WHEN Becky Kaufmann retired after 20 years as a prison officer in the United States and moved to Scotland to study sociology, she had no idea it was a step that would transform her life.

At the time she was living as a man in Wisconsin: a husband of 30 years who had raised eight children, while burying her real identity.

She said: "My ex became aware of the fact I was trans some 20 years ago, and made it abundantly clear that if I ever expressed it in any way I would never see her or my kids every again. At which point I said 'okay, kids are more important' and locked it in a box. That was still going on when it came time to retire and come over here."

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However, when the marriage broke down, Becky finally felt free to embrace her true self.

She said: "The marriage was over, most of my kids sided with her in the divorce, I had been in Scotland about a year and I just thought 'enough of this'. I have given up half a century of my life, I have some very serious mental health baggage because of it, and I needed to move my life forward."

She was approaching her 50th birthday when she had her first consultation at the gender identity clinic. It was an appointment she had waited 14 months for, but it was another six months before she could be referred for the hormone treatment that would kick-start transition. Eventually, in September 2014, National Service Division approved funding for her male-to-female genital surgery and - in April 2016 - the operation finally went ahead in Brighton.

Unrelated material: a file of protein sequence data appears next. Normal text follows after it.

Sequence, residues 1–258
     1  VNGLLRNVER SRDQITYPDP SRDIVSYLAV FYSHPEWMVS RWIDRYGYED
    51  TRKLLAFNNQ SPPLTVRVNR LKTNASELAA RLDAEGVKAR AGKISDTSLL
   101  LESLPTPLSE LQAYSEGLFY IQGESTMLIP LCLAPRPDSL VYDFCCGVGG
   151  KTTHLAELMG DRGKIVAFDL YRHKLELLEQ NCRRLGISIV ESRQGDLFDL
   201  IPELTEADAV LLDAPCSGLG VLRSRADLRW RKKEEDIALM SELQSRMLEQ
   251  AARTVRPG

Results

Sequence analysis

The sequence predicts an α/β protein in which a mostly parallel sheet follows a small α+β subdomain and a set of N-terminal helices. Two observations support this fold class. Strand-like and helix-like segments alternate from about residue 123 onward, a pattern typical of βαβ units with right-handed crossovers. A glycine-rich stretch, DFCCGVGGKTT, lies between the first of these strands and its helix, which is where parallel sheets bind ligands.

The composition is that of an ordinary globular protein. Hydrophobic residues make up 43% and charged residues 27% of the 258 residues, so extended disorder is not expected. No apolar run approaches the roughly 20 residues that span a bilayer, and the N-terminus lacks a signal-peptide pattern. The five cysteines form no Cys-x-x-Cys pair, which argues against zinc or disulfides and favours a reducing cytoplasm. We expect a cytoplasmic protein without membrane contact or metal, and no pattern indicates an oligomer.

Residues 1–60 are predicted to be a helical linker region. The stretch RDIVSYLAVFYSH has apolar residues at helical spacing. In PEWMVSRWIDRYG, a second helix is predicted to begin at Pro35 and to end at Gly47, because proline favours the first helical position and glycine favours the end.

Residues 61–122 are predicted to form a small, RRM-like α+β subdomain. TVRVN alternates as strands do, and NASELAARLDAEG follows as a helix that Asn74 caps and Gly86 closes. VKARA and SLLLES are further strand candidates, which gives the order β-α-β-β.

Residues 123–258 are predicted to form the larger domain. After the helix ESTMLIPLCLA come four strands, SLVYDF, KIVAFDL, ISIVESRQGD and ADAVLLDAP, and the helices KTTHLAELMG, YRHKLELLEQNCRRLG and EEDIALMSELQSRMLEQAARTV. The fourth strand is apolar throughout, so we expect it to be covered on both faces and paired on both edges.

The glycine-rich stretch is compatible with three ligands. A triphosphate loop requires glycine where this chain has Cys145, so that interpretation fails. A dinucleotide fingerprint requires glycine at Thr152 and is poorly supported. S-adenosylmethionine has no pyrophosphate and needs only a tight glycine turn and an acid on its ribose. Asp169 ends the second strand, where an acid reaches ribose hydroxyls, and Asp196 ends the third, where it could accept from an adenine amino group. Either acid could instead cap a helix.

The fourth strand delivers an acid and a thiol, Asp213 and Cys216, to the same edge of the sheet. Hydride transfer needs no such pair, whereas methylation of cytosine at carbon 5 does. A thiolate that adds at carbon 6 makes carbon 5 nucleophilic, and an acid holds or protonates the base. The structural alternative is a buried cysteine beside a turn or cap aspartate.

In all, the process took around five years, but remains incomplete. She is still waiting for breast augmentation - the only element of trans-surgery which continues to be controlled by health boards, not NSD.

However, now 55 and living in Edinburgh, Becky has built a new life in Scotland. She has remarried and been accepted for a PhD at Edinburgh University.

She said: "Transition is the best thing that ever happened in my life. I am now an outgoing, successful, respected, fairly happy person. That contrasts with the very withdrawn, very shy, very introverted person that I was before. I absolutely am in a better place in my life.

"That said, I wouldn't wish transition on my worst enemy. All the obstacles, all the battles, constantly having to prove your legitimacy - constantly having to convince people that this isn't some fun little game you're playing at."